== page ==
I attended a seminar the other day featuring a presentation by a Post Office senior marketing executive. I was hoping for some useful information about upcoming changes; particularly the Intelligent Bar Code requirement slated to take effect in the spring of 2011. (recently postponed indefinitely)
Instead what I and the others at this fairly well-attended gathering got was an inadvertent glimpse into the alternative universe of our Postal Service. The presenter was very good; he knew his stuff and kept things moving in a light and humorous fashion. Much of the content concerned postal politics which like most inside political topics was a snooze to anyone on the outside. Some of the talk was on more topical issues such as the latest on a rate increase (probably not in the next six months but, after that, who knows?), and whither Saturday delivery? (consolidating routes will be pursued first as an alternative although the new chairman of the House oversight committee supposedly favors its elimination as a cost- cutting measure)
Many in the audience were printers, envelope companies, direct mail agency people or those who serve the direct mail industry. Naturally, many of the questions had to do with how the post office can cut costs and remain viable in the digital world. Talk turned to the number of post offices; approximately 37,000 of them nationwide. The presenter told an interesting story about a crusty, recently re-elected congressman who represents an affluent 18 square mile suburb that has eleven (!) post offices. He said that whenever he gets an audience with the aforementioned pol, the first question he’s asked is: “Are you planning on closing any post offices in my district”? When told no, the congressman replies, “Good. Now we can talk”. That somewhat depressing anecdote illustrates the difficulty of efficiently running any type of business under political control.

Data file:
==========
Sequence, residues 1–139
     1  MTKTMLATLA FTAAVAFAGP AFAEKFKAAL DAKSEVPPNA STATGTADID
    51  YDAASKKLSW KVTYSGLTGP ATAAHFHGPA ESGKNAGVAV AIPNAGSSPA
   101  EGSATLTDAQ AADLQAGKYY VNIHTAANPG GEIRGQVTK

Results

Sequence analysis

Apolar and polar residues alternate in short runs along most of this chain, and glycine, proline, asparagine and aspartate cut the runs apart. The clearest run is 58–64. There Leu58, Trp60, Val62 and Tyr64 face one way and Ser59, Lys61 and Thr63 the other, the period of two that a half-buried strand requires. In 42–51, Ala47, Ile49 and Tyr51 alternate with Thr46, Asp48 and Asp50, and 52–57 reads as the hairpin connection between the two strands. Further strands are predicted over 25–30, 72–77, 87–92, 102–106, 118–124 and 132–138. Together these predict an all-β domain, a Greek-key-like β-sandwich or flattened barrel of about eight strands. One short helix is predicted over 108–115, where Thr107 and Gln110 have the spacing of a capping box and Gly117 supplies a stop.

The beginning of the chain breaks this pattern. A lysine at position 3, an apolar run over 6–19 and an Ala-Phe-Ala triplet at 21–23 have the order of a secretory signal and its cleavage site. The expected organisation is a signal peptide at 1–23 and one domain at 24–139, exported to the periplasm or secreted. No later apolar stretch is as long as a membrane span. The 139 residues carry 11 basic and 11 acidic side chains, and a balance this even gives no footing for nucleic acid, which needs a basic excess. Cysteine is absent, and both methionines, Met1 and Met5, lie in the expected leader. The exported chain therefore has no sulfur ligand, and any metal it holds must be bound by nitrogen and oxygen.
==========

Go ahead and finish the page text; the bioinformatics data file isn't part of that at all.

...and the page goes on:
Although we got the standard Post Office line about them not taking “one dime” of taxpayer money, first-class mail delivery is a government protected monopoly and the Postal Service pays no taxes on its income or its property unlike Fedex or UPS. Plus the Post Office gets to set a floor on the parcel delivery prices charged by those companies which by law must be more than what the Post Office charges. That’s a sweet deal not enjoyed by any private company of which I’m aware.
With millions of postal retirees collecting fixed benefit pensions and likely to enjoy their lives well into their 80’s and beyond , the pressure to raise mailing rates and cut service will be inexorable and continuous. That’s not good news for envelope converting and envelope printing companies, direct mail companies, or any of us who depend on the continual flow of mailpieces for our livelihood.